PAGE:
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The notion of life as a process

The notion of life as a process or a progression creates the very idea of History, of a present that’s different then the past: this is the way it’s supposed to be. From it stems the belief that the future can become poles apart from the world we live in at present (forward not backward)
Albert Einstein, the man Time magazine chose its Man of the Millennium, gave the world the insight that time is relative. Cahill makes it clear that it was the Jewish people, almost four millennia ago, who gave the world the understanding that time is linear instead of cyclical. That concept, with its profound implications for progress, proved as significant as Einstein’s theory. And Einstein himself, verbalizing this age-old Jewish perspective, would couch the idea in a way that makes it even more relevant: “The world we have created is a product of our thinking; it cannot be changed without changing our thinking.” And that truth isn’t relative. It’s the unalterable principle of life, and for today are we fulfilling that truth, or are we sitting by the wayside waiting for the next truth to be ignored and unrecognized?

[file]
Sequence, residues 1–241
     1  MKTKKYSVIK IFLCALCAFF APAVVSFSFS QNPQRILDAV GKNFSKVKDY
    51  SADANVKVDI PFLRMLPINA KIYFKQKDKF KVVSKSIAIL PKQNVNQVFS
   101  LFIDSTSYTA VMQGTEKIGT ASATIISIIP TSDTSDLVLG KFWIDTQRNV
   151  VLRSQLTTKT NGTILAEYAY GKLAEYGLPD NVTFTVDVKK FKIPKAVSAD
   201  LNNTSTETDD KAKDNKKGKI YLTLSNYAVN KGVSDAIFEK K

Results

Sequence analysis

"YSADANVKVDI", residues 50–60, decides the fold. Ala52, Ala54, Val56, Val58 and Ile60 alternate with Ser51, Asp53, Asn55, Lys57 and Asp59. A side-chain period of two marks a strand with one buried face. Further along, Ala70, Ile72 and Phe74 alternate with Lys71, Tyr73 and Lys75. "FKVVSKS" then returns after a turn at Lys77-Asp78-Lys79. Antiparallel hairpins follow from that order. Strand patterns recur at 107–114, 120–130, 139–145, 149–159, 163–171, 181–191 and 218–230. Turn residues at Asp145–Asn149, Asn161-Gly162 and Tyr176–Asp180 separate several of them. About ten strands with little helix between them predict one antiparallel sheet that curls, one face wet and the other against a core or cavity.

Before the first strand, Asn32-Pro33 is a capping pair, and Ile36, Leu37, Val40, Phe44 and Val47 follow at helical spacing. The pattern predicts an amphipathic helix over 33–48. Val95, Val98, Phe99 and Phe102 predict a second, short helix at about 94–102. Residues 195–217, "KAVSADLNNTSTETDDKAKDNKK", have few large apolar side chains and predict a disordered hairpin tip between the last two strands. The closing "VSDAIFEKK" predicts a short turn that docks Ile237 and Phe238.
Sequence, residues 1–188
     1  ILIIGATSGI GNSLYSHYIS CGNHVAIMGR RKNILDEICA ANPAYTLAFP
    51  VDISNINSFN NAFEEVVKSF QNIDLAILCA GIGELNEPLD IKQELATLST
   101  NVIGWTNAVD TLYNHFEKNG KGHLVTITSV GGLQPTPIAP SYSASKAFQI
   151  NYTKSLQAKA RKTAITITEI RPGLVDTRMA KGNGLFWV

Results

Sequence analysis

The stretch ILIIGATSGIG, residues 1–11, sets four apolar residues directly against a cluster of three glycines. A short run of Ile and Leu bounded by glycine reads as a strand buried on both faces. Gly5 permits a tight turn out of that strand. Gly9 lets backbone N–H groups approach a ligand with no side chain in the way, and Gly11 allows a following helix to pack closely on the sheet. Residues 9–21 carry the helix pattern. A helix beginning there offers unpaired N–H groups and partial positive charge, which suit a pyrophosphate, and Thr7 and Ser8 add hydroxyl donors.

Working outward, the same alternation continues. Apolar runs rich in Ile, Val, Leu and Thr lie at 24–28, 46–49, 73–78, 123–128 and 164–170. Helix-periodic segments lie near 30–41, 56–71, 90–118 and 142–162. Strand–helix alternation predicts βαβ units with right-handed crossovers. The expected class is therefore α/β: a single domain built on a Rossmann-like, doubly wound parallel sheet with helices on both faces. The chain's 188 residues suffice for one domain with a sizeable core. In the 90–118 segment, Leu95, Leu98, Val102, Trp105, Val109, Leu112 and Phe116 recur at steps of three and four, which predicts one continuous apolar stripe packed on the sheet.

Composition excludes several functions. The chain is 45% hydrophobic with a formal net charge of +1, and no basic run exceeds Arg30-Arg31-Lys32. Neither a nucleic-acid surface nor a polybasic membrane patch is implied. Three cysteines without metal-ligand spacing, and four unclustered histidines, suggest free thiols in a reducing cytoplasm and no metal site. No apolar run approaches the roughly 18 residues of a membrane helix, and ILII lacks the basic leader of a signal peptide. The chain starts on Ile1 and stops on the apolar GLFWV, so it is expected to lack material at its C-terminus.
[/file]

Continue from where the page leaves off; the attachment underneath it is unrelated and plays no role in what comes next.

And one more thing, perhaps the most important gift of all: God gave the world the idea of progress. Men believed in life as a “circularity” . We’re born. We die. The next generation comes along and repeats the process. Life has no direction but merely keeps reiterating itself. Only with Abraham and God’s command to “Go forth from your land, from your birthplace and from your father’s home, to the land God shows us all, do we recognize the idea of life as a journey of discovery.

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